soul. About the same time two
negro preachers" in Athens, Ala
bama, had a dispute on the same
subject. We do not know which
side won in Boston, but in Athens
the question was decided by one of
the preachers carving the other up
with a big knife.
Tariff protection may have done
some things, but it has never built up
a fish-hook factory in this country.
Nearly all the fish hooks we use come
from England, where they are made
by hand, children being employed
in doing much of the work, such as
polishing, filing, &c. We do, how
ever spin our own fish yarns.
According to the New York Tri
bune the property exempt from tax
ation in Greater New York
has increased within the: past
year from $553,000,000 to $572,000,
000. There is probably, that much
more which is not exempt, but
To-day Mr. McNally dives off a
dock in Boston to take a little three-hundred-mile
swim to New York
harbor, where he expects to land at
the Battery in about thirty days,
provided he doesn't run up against
some impediment - in the meantime.
It is estimated that in the month
of July the pensions on account of
the war with Spain will figure up
$1,000,000. This is only a starter.
The pension sharks have not begun
to get in their work yet.
Mr. Rockefeller told the boys at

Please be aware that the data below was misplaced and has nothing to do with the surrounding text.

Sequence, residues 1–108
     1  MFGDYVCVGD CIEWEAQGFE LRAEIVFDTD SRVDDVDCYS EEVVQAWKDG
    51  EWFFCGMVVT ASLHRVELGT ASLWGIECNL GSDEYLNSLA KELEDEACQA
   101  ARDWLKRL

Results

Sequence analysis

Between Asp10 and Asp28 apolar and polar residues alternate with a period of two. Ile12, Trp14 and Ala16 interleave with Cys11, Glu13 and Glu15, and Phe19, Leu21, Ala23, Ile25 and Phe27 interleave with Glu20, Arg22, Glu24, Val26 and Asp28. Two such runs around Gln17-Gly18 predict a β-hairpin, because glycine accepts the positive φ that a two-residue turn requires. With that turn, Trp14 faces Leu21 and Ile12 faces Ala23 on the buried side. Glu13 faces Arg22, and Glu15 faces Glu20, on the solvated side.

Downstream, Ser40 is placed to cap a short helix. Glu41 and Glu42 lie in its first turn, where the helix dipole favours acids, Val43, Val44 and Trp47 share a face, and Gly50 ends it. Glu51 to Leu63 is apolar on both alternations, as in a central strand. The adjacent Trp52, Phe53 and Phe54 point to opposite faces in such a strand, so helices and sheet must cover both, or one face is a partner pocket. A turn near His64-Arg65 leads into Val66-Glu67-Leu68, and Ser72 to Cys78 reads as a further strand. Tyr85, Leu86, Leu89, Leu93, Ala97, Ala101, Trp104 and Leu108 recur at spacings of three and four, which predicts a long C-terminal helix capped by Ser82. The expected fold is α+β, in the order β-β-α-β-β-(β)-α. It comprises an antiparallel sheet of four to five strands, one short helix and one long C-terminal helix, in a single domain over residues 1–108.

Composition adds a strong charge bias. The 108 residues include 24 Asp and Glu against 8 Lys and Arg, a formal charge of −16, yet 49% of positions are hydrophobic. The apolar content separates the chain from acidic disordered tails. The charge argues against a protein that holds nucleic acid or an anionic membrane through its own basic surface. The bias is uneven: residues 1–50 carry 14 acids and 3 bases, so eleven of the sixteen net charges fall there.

the Chicago University that he en
joyed bis wealth. That may be, but
we know people who would get a
lot more fun out of it than he does.
During the mosquito season in
New Jersey there ought to be a
great demand for that Frenchman's
air boat which will stay up in the
air three months.
Adjutant General Corbin has
started to take in the Philippines.
If he sees any inviting takes lying
around loose he will probably take
them in,, also.
In Chicago the other day a judge
ordered a sick child to be taken
from its parents, Christian Scien
tists, and sent to a hospital for
treatment, holding thaWhile the
parents who were old enough to be
responsible and to know what they
were doing, might refuse to employ
a physician in case Of sickness they
had no right to refuse their child
medical aid. .
A new bean has been discovered
in Africa which supplies everything
a person needs but raiment. It is
said a man could live and grow fat
on two pounds a day. Bostonese
should catch onto that bean. They
have been sort of partial to African
Big Fourth at Carolina Beach.
The Fourth of July, as has been be
fore stated, will be gloriously cele
brated at Carolina Beach this year.
The Red Men of the city, under whose
auspices tbe celebration will take
place, are still working hard and
expect to score a splendid artistic
There will be no more delightful
place to spend the Fourth than at
Carolina Beach, for aside from the
many seashore pleasures that this pop
ular resort affords, the Red Men have